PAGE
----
request with a phrase like "Please answer by e-mail, I'll summarize"

     In  such  a  case  answers  should NOT be posted to the newsgroup but
     instead be mailed to the poster who collects and reviews them.  After
     about 10 to 20 days from the original posting, its poster should make
     the summary of answers and post it to the net.

     Some care should be invested into a summary:

     a) simple concatenation of all  the  answers  might  not  be  enough;
	instead  redundancies, irrelevances, verbosities and errors should
	be filtered out (as good as possible),

     b) the answers shall be separated clearly

     c) the contributors of the individual answers shall  be  identifiable
	unless  they  requested  to  remain anonymous [eds note: yes, that

     d) the summary shall start with the "quintessence" of the answers, as
	seen by the original poster

     e) A  summary  should, when posted, clearly be indicated to be one by
	giving it a Subject line starting with "Summary:"

     Note that a good summary is pure gold for the rest of  the  newsgroup
     community,  so  summary  work  will be most appreciated by all of us.
     (Good summaries are more valuable than any moderator!)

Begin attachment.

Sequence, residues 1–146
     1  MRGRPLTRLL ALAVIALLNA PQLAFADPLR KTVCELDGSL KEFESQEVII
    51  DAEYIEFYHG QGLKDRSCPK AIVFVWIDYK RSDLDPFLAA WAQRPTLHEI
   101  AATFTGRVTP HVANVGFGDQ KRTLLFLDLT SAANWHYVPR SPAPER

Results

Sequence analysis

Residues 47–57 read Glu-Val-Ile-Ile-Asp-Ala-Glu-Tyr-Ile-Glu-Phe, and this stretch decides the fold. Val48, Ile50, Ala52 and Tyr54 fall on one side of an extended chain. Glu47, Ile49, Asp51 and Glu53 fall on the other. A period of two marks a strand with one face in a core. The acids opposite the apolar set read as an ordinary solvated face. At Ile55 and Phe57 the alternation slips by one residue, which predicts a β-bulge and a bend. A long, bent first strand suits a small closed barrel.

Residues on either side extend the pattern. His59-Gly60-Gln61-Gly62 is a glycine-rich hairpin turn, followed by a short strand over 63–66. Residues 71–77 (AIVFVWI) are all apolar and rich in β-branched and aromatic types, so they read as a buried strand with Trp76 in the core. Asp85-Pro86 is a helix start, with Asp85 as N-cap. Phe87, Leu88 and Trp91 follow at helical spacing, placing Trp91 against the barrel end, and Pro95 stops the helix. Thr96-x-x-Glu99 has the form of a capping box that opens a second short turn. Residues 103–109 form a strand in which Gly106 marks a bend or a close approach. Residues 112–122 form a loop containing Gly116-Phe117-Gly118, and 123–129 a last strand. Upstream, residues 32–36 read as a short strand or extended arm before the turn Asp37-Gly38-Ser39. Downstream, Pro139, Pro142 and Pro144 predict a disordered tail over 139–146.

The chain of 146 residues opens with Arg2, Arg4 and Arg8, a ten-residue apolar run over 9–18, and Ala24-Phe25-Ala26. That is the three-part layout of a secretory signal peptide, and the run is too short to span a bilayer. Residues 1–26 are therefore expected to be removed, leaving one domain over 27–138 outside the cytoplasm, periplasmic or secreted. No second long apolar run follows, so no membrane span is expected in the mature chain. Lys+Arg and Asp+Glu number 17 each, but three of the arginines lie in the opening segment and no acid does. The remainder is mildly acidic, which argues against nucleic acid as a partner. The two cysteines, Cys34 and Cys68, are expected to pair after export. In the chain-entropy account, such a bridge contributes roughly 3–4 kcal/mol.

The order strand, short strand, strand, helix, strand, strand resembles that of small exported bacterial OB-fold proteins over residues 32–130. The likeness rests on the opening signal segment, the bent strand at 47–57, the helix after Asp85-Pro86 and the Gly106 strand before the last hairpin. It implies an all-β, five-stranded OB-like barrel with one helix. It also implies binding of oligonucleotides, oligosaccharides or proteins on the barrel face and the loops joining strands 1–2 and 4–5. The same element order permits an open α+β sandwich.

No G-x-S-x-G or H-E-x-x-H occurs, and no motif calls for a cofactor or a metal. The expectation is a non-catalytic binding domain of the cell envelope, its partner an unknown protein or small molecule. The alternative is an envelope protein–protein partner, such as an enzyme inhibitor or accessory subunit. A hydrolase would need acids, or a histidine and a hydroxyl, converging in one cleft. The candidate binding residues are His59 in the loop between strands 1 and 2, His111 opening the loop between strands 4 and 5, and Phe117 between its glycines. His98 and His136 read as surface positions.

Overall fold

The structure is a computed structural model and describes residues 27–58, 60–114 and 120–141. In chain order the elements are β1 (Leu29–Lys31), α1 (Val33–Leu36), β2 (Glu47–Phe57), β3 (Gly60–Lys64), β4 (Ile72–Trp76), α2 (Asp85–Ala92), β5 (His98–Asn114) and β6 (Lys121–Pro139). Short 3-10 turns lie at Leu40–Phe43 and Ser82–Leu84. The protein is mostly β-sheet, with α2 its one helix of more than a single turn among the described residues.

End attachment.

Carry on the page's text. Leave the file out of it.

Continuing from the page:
5. Announcements
     Some articles never need  any  public  reaction.   These  are  called
     announcements  (for  instance  for  a  workshop,  conference  or  the
     availability of some technical report or software system).

     Announcements should be clearly indicated to be such by giving them a
     subject  line  of the form "Announcement: this-and-that", or "ust "A:

     Due to common practice,  conference  announcements  usually  carry  a
     "CFP:"  in  their subject line, i.e. "call for papers" (or: "call for

 6. Reports
     Sometimes people  spontaneously  want  to  report  something  to  the
     newsgroup.  This  might  be  special  experiences with some software,
     results  of  own  experiments  or  conceptual  work,  or   especially
     interesting information from somewhere else.

     Reports  should  be  clearly  indicated  to  be such by giving them a
     subject line of the form "Report: this-and-that"

 7. Discussions
     An especially valuable possibility of USENET is  of  course  that  of
     discussing  a  certain topic with hundreds of potential participants.
     All traffic in the newsgroup that can not be subsumed  under  one  of
     the above categories should belong to a discussion.

     If  somebody explicitly wants to start a discussion, he/she can do so
     by giving the posting a subject line of the form  "Start  discussion:
     this-and-that"  (People  who  react on this, please remove the "Start
     discussion: " label from the subject line of your replies)

     It is quite difficult to keep a discussion from drifting into  chaos,
     but,  unfortunately,  as many other newsgroups show there seems to be
     no secure way to avoid this.  On the other hand, comp.ai.genetic  has
     not  had  many  problems  with this effect, yet, so let's just go and

     Thanks in advance for your patience!

 The Internet
     For information on internet services, see Q15.5.